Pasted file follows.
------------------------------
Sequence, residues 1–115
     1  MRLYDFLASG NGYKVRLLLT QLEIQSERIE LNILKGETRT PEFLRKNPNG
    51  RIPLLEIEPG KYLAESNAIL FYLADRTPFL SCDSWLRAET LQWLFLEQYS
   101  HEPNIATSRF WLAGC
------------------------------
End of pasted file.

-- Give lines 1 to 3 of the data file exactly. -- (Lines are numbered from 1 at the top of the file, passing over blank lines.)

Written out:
Sequence, residues 1–115
     1  MRLYDFLASG NGYKVRLLLT QLEIQSERIE LNILKGETRT PEFLRKNPNG
    51  RIPLLEIEPG KYLAESNAIL FYLADRTPFL SCDSWLRAET LQWLFLEQYS